Ach, I can’t resist. There seems to be an awkwardness about pluralising words that end in a vowel. What do you think? And every day I see naked posessives stripped of their apostrophes, following the german usage.
Do you know something? I find this change in the language exciting.
Who am I kidding? This blog so is going to include a collection of bizare apostrophes.
My sister took the trouble to scan and email me this particualar peach from the beach. Good, innit? I particularly like NEW S-PAPER’S.
I so knew I shouldn’t start blogging about apostrophes.
I found these in Sainsbury’s the other day. Ironic, for a company which is so fussy about its own apostrophe.
Sainsbury's basics, now with missing apostrophes
I love this packaging because I think that using the apostrophe for the posessive is a 16th century affectation (as I’ve said elsewhere) and I like the look of the words without excess punctuation.
It’s also so refreshing to find missing apostrophes, instead of unecessary ones. Big sis sent me some of those which I’ll post later in the week.
The socks are ok too.
I don’t want this blog to turn in to series of photographs of low flying apostrophes but they do seem to fall out of the sky at me. This one of course is in the right place, but it still amused me. ‘Tis the season to be jolly?
This one is beyond comment. It’s outside one of the buildings where I work. Good, i’n’ it?
More on apostrophes here.
I’ve given up on the apostrophe.
In fact I gave up on it about four years ago when I realised that correcting the spelling and punctuation in a set of slides put out by the guy that god reports to was (a) rude (b) pointlessly picky and (c) quite possibly career-limiting.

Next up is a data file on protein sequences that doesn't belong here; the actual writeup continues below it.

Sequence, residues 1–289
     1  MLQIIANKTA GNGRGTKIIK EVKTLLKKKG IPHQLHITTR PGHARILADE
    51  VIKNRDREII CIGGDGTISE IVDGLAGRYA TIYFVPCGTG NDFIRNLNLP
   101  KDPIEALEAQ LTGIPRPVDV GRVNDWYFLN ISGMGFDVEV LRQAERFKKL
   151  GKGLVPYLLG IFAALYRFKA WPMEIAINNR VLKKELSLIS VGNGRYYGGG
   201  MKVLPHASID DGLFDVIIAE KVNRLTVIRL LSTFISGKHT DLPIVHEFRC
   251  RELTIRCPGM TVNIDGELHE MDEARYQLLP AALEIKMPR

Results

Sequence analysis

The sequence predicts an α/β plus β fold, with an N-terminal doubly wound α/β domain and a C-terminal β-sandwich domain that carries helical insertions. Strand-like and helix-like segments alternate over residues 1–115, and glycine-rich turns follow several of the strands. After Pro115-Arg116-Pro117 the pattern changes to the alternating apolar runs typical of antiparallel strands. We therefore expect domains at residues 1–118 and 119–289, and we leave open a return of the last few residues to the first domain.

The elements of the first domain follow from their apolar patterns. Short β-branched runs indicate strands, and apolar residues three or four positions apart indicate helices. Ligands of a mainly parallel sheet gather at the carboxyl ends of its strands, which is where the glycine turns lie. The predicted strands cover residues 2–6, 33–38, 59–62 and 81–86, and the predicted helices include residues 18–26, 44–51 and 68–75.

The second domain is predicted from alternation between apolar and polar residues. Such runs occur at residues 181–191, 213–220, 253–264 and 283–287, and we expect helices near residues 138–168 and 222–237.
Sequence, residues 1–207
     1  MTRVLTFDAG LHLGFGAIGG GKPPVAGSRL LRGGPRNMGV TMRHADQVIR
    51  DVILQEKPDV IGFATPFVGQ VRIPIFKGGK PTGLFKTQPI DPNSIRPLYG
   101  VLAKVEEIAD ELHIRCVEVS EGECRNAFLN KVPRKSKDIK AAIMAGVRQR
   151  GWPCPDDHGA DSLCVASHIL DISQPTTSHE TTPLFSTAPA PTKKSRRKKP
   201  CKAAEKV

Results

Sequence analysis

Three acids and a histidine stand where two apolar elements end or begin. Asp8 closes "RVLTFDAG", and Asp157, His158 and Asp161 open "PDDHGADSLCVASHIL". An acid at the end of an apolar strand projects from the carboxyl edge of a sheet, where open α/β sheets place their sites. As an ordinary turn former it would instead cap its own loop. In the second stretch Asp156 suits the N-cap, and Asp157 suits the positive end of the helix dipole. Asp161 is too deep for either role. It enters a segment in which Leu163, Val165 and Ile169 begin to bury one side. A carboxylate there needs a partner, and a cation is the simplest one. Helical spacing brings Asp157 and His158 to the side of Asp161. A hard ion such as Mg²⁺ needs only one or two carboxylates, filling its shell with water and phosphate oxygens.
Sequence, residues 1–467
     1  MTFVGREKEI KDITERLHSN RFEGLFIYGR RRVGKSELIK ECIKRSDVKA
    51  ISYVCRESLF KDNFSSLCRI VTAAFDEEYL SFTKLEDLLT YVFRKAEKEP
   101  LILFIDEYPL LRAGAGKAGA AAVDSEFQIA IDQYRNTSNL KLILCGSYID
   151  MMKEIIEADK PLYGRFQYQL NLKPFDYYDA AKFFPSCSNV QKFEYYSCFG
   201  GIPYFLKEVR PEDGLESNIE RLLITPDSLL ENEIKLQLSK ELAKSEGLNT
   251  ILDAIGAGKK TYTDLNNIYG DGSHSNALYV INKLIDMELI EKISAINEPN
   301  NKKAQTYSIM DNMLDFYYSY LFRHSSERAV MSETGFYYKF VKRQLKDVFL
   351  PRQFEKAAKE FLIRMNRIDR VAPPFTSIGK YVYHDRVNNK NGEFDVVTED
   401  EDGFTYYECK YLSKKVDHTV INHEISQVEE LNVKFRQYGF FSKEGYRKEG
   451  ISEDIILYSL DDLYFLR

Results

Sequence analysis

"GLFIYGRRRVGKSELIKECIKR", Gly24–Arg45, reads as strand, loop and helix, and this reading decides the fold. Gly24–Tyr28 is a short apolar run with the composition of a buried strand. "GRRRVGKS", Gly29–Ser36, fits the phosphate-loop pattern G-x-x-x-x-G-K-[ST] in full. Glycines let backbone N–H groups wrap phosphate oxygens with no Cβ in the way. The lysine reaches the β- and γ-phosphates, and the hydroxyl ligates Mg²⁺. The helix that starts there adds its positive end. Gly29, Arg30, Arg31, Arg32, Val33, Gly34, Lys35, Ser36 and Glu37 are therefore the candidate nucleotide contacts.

Now, instead of wincing at erratic apostrophes I merely collect them.
The three most recent and most extreme examples are:
- 1’st Choice
- Madra’s Curry
HGV,s was on a matrix sign on a motorway and it’s splendid because the punctuation in question isn’t even an apostrophe. 1’st Choice is a taxi firm. I assume that the chef in the pub isn’t called Madra.
Apostrophes are traditionally used in two circumstances:
- to show that something has been cut out (cannot becomes can’t, and so on) and
- to show that someone owns something (The Business Analyst’s Blog).
This second use is fiddly when you are dealing with plurals (Boys’ Toys / Children’s Books) and that makes people nervous. They know they’re confused by apostrophes and plurals and they bung ’em in when they think no-one’s looking and hope for the best. For years Over-Educated of Tunbridge Wells has raged about the increasing use of the apostrophe to handle awkward plurals (Avocado’s), but even Lynn Truss acknowledges that the apostrophe is a useful solution to the tricky problem of how to pluralise abbreviations (HGV’s, PC’s). Language is extreme democracy so it’s just a matter of time.
However, I take the radical view that the apostrophe has no business getting itself muddled up with possessives in the first place. In German, where so much of our language came from, they have no truck with apostrophes: they just add the -s on the end of a posessive (Bens Blog) and are done with it. I’m convinced the possessive apostrophe sneaked into English in the early days of printing when punctuation was a free for all.
I still use the apostrophe the way I was taught to, but deep in my heart I don’t really care.
For a funny and accessible introduction to punctuation read Lynn Truss’s Eats, Shoots and Leaves. We disagree about the apostrophe, but it’s still a useful book if you write documents or prepare slides.